Thieves steal instruments from SJSU marching band

December 22, 2009 7:01:53 PM PST
A Grinch has targeted the San Jose State University marching band. Thieves have stolen $20,000 worth of saxophones and other instruments. The instruments are not insured, so the band is hoping for a holiday miracle.

In 25 years of storing band equipment in locked trailers at San Jose State, there has never been a problem, until now. Band Director Scott Pierson says on Friday night thieves with bolt cutters stole eight saxophones and two trombones.

"We had just turned in the instruments after a recording session and had them neatly stacked right here," Pierson said.

The theft is a huge blow to San Jose State's 144 member marching band. The precision team is a well respected tradition on campus.

"We got a pretty good band and that's pretty unfortunate," student Kevin Hung Dao said.

"I think it's a shame on them for taking our band's instruments, I mean that's horrible, that really is," San Jose State staff member Rhonda Dahlgren said.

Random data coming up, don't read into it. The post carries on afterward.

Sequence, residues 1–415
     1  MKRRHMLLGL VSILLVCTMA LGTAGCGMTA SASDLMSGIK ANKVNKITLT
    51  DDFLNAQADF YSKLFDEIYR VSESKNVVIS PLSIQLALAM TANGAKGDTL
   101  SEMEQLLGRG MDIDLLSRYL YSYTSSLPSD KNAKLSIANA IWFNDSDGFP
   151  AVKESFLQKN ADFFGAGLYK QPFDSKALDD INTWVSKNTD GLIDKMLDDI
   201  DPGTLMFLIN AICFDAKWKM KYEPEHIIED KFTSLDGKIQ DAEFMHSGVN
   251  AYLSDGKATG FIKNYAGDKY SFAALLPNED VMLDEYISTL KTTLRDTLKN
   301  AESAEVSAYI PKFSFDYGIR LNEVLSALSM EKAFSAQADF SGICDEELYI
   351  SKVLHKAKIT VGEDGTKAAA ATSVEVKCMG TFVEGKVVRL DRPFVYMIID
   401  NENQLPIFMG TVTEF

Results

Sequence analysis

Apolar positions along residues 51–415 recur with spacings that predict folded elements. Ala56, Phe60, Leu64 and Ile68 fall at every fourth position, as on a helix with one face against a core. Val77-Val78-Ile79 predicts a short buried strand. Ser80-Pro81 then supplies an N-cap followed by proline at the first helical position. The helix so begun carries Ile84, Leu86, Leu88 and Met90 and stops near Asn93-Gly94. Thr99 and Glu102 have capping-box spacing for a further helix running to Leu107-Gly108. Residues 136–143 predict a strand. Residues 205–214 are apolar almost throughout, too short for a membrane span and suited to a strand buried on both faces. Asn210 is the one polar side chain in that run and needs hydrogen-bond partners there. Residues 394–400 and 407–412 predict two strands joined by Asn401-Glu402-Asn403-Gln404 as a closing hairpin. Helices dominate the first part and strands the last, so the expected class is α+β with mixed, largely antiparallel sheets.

Every instrument has a serial number and every case is clearly marked as Spartan property. Pawn shops generally will not touch merchandise like that and investigators fear its criminal value is in recycled metal.

"Our police department has launched an investigation which remains underway, we're searching for leads," San Jose State spokesperson Pat Lopes Harris said.

As police move forward, the plot thickens. Pierson says there was also a recent incident with a snare drum and other items taken out of a percussion studio window and hidden in tall bamboo. It was quickly recovered.

Tuesday, the band also got a little break. Workers found several percussion instruments.

"Now five minutes ago some of our San Jose State facilities workers found this stuff, which came out of the box which was found out of the percussion trailer right there; unbelievable," Pierson said.

Even the surprise discovery though, does not bring back the big stuff.

"They say it's going to take a miracle to recover any of the horns back; we're just looking for any sort of help from the community," band member Eduardo Higareda said.

The band is hoping a Santa with music in his heart can replace the silence left by a thieving Grinch.


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